Thursday, November 17, 2022

Q&A with Kevin Hazzard


Photo by Bonnie J. Heath Photography



Kevin Hazzard is the author of the new book American Sirens: The Incredible Story of the Black Men Who Became America's First Paramedics. He also has written the memoir A Thousand Naked Strangers: A Paramedic's Wild Ride to the Edge and Back. A journalist, TV writer, and former paramedic, he lives in Atlanta.


Q: What inspired you to write American Sirens?


A: I spent 10 years as a paramedic, an experience I turned into a memoir (A Thousand Naked Strangers, Scribner 2016). Someone who’d read the book reached out to see if I’d ever heard of Freedom House [the Pittsburgh-based group that trained the first paramedics] and, despite the fact that I’d worked the job for a decade and had written about it, I hadn’t.


So I started to research the story and was immediately moved not just by stunning success of the first paramedics but also by the way they’d been trying for decades to bring the world’s attention to what they’d done. I simply wanted to see if I could help the cause. 


Q: The BookPage review of the book says, in part, “American Sirens is a stirring, ultimately heartbreaking story in which jaw-dropping medical innovation meets racial prejudice. After finishing Hazzard’s memorable account, readers will never hear an ambulance siren the same way again.” What do you think of that description, and what do you think the story of Freedom House says about medicine and race relations in this country?

A: I would push back on the heartbreaking aspect a bit. There are many aspects of the story that break your heart but I think—and the medics themselves second this notion—that the main takeaway of their story is not how it ended but how they’ve continued to use the experience to help change the world.


As I was working on the book, I kept marveling at how little things had changed since the ‘60s and ‘70s. Skepticism about medical advances, the reluctance to embrace new ideas, the stubbornness of prejudice, these are things Freedom House battled every day and we continue to deal with them now. 


Q: How did you research the book, and what role did John Moon--one of the key figures in the book--play in your research?


A: I tracked down any books I could find that touched on the subjects and was lucky enough to have a large trove of contemporaneous newspaper stories. I spent a lot of time in archives both in Pittsburgh and at Harvard, digging through the papers of several of the key players, including Nancy Caroline, Peter Safar, and Phil Hallen.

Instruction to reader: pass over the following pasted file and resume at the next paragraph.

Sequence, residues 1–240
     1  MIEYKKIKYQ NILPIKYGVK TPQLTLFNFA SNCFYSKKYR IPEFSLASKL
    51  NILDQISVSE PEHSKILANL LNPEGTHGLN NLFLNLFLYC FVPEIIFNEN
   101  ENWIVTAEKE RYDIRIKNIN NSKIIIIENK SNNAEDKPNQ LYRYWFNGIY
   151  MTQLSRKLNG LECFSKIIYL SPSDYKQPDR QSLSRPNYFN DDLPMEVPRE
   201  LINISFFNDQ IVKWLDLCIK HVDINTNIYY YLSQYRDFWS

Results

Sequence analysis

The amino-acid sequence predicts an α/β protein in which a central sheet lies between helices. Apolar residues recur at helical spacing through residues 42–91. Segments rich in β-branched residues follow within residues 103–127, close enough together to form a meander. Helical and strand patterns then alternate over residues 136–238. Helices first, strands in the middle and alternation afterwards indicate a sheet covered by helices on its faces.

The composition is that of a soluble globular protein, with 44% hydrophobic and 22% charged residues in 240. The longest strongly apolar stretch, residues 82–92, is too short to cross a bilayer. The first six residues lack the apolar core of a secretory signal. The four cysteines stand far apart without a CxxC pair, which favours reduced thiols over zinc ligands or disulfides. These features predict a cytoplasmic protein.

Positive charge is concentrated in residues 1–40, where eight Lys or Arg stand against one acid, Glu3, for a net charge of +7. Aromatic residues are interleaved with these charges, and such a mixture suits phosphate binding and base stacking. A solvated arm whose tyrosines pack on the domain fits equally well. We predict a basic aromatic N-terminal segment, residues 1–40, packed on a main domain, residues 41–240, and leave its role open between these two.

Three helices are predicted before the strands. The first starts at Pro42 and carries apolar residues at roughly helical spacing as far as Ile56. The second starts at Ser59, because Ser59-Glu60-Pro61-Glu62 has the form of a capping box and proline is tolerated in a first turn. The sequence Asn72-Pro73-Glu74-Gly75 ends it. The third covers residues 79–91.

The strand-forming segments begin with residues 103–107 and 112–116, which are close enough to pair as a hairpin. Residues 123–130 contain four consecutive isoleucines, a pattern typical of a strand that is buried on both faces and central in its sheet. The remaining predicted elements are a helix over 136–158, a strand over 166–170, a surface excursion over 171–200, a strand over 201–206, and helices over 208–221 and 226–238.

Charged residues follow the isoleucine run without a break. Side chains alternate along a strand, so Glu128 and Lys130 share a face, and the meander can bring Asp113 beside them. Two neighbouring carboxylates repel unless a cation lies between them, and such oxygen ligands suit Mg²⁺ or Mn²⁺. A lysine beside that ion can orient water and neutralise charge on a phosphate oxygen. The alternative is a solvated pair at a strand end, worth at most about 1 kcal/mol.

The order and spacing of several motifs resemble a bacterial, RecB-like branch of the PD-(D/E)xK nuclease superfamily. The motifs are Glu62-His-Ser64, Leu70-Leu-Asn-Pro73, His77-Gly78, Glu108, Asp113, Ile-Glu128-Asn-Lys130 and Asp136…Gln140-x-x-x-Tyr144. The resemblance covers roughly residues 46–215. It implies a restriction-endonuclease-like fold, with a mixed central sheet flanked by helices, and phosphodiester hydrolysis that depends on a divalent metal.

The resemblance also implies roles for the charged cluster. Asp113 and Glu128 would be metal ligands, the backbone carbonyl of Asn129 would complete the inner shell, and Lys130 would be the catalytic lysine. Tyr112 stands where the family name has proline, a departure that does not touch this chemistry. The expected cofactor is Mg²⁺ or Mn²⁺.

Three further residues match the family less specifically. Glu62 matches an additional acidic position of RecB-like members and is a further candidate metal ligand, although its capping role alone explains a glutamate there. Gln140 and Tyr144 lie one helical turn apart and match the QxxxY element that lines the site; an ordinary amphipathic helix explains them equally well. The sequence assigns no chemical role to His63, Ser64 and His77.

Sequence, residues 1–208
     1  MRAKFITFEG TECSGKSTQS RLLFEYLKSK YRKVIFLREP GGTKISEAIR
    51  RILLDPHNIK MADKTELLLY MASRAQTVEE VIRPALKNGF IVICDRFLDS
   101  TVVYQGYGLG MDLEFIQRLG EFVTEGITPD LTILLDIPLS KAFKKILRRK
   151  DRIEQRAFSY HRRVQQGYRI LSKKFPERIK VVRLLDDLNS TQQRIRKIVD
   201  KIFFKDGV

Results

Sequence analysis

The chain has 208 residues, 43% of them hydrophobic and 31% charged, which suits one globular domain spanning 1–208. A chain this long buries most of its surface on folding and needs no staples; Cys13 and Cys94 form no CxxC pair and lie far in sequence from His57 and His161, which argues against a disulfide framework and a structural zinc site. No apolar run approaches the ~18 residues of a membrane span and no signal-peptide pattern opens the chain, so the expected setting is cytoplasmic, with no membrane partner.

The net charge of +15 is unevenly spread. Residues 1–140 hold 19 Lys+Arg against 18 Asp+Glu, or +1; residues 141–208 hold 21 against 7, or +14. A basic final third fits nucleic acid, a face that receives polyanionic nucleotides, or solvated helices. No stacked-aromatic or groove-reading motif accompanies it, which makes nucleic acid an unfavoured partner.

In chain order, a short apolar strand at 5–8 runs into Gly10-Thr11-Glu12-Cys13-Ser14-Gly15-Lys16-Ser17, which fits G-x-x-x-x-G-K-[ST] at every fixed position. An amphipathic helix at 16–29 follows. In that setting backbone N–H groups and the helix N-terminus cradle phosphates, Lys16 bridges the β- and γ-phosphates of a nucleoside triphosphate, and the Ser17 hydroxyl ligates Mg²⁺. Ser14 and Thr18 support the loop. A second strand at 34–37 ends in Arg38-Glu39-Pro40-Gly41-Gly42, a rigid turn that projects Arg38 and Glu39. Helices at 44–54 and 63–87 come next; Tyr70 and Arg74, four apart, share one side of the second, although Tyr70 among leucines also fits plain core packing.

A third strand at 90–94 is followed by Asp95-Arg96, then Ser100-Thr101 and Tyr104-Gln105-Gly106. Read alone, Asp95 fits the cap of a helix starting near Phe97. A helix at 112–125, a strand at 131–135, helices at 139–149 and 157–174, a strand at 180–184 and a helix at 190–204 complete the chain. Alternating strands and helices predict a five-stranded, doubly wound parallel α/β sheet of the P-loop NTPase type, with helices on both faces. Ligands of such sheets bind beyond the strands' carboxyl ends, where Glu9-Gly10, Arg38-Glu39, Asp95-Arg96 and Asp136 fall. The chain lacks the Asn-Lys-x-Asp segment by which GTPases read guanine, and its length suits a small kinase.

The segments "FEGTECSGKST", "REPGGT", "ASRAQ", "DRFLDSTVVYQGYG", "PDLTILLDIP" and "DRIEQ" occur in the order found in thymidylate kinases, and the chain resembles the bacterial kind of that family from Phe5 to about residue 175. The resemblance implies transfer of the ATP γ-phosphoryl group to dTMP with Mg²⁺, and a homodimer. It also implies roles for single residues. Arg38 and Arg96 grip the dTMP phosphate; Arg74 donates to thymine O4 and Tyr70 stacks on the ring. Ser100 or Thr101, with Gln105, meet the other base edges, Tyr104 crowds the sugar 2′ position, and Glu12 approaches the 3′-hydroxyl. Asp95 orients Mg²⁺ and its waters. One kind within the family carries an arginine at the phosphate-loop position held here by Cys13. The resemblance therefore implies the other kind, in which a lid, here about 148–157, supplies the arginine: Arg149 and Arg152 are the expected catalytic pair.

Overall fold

I also interviewed everyone I could get in touch with. John Moon was one of those people. He and I spoke countless times between 2018 and when then final edits were made in 2021. He was pivotal in telling the story.


Q: What do you see as Freedom House's legacy today?


A: There are a number of very tangible things both big and small (ambulance design, the introduction of Narcan) that can be attributed to Freedom House but I think their legacy is far richer and more complicated than that.


They are the progenitors of a vital and wildly successful branch of medicine. Anyone doing the job today owes them a debt of gratitude for sure, but they’ve also gifted us something else—a legacy of determination and resilience, of grace under extreme pressure. Their story greatly enriches the creation myth of EMS. 


Q: What are you working on now?


A: I’m working on a story that took place in mid-century Los Angeles. It’s early in the process, but it resides at the intersection of medicine and law enforcement and is both urgent and a truly great story.


Q: Anything else we should know?


A: The events of American Sirens aren’t ancient history. This all went down just a couple decades ago. Racism and injustice aren’t simply relics of the past. They continue to this day and only in confronting them head-on can we hope to cure these ills.


--Interview with Deborah Kalb

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